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Where Does Gasoline Come From?

by Grassroots Motorsports

Posted on 5/16/2024 at 9:00 AM

Fuel terminals and pipelines



 Most of us know where babies come from, but what about gasoline? The answer goes deeper than “the pump,” and understanding the process can help differentiate the various offerings. 

Step 1: Crude oil is extracted from the ground. According to the U.S. Energy Information Administration, the U.S. imported about 8.32 million barrels of petroleum per day during 2022, with 52% of that coming from Canada. Next on the list: Mexico (10%), Saudi Arabia (7%), Iraq (4%) and Columbia (3%). According to that same report, during the same time period, the U.S. exported about 9.58 million barrels of oil per day–so the U.S. exports more than it imports. Via some combination of ships, rail cars and pipelines, that crude oil arrives at an American refinery. 

Step 2: The crude can now be refined into various fractions, including diesel, kerosene and, yes, gasoline. At this point, the gasoline is still an unbranded commodity, although some additives are added–often antioxidants and corrosion inhibitors. 

Step 3: Now let’s just follow the path for gasoline. If not bound for export, it will head to a regional terminal–often via pipeline but possibly also by rail car. 
Each pipeline, notes Zachary J. Santner, senior specialist of quality at Sunoco, can be used to transport different products: A load of gasoline could follow some diesel, with a mixed slug of fluid separating the two. (That slug would then be refined again at a transmix facility, he explains.)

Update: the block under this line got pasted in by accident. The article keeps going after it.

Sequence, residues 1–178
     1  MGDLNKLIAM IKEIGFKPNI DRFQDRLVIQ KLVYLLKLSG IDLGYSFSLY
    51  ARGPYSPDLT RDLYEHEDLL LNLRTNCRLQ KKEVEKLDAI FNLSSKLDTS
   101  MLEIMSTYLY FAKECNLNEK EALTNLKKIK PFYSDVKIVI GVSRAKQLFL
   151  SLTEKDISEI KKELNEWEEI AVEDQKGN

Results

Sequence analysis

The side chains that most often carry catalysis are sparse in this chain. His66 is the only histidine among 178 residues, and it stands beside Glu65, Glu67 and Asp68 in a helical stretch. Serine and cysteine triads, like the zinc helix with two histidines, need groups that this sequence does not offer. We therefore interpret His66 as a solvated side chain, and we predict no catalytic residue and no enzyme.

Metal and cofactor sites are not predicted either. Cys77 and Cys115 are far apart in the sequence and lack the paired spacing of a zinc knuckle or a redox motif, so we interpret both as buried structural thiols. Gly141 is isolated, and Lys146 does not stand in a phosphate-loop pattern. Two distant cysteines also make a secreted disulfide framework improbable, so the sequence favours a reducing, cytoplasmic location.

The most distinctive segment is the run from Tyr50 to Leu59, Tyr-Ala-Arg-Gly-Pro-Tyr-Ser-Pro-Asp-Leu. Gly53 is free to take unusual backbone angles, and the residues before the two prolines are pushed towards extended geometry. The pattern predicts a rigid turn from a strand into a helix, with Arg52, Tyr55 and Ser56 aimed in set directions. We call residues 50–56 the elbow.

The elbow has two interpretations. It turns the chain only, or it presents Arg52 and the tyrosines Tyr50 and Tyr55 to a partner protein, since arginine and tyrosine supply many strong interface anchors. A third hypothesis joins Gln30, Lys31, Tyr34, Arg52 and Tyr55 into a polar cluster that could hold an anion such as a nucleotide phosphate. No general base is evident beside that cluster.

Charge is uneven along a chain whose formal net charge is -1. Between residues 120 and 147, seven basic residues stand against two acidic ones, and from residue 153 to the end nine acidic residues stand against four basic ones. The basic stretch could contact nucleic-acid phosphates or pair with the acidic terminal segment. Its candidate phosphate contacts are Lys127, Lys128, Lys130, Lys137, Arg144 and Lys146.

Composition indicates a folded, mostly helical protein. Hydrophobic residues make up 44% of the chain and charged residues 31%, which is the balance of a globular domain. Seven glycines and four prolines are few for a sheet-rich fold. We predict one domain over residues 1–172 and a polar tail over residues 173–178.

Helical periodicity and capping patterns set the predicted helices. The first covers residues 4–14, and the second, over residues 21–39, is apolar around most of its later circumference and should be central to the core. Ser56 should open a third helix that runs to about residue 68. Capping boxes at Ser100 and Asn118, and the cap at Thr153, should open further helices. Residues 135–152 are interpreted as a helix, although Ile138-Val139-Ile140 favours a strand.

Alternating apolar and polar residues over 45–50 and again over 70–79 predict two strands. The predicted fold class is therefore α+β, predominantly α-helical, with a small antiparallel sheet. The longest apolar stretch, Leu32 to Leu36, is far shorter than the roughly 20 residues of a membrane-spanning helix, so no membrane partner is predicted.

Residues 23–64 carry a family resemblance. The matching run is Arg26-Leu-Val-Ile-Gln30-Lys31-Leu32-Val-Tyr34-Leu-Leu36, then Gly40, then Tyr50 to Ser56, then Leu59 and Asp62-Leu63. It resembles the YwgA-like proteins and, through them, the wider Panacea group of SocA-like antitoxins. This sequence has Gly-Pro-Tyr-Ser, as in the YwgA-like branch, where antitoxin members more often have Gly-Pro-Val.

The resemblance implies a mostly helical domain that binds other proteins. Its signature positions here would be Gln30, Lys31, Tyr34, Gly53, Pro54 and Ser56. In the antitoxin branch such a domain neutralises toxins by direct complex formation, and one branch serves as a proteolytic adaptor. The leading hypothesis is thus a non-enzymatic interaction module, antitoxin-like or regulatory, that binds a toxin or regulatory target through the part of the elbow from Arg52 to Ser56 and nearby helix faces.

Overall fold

Step 4: The magic that separates one brand from another happens at the terminal, Santner continues. “That’s where detergents and other propriety additives are added,” he says. “That’s where a fuel would become Top Tier or not.” Those extra detergents that define a Top Tier fuel, he notes, come at a cost, so not all brands opt for them. 

Step 5: Trucks then transport the gasoline to the local stations. If you see a gasoline truck on the highway, he notes, it’s doing local deliveries. 

But what about race fuel? As a boutique product, Sunoco Race Fuels don’t follow this path, he explains. They’re all brewed in Marcus Hook, Pennsylvania, to a consistent, controlled recipe and shipped via dedicated containers.